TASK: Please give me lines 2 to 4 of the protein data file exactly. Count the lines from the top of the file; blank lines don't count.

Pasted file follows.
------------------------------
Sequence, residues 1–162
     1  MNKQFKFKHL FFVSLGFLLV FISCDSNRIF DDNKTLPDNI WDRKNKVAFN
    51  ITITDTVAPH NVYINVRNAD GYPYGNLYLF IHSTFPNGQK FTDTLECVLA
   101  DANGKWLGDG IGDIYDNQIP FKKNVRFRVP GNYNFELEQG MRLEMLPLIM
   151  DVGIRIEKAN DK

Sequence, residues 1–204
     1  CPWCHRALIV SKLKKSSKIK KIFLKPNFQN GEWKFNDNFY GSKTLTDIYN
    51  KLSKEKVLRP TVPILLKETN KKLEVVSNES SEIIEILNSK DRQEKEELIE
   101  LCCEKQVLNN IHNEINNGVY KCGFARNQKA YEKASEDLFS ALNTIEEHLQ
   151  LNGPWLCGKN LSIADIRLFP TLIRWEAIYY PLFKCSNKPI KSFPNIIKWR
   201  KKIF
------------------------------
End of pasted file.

     1  MNKQFKFKHL FFVSLGFLLV FISCDSNRIF DDNKTLPDNI WDRKNKVAFN
    51  ITITDTVAPH NVYINVRNAD GYPYGNLYLF IHSTFPNGQK FTDTLECVLA
   101  DANGKWLGDG IGDIYDNQIP FKKNVRFRVP GNYNFELEQG MRLEMLPLIM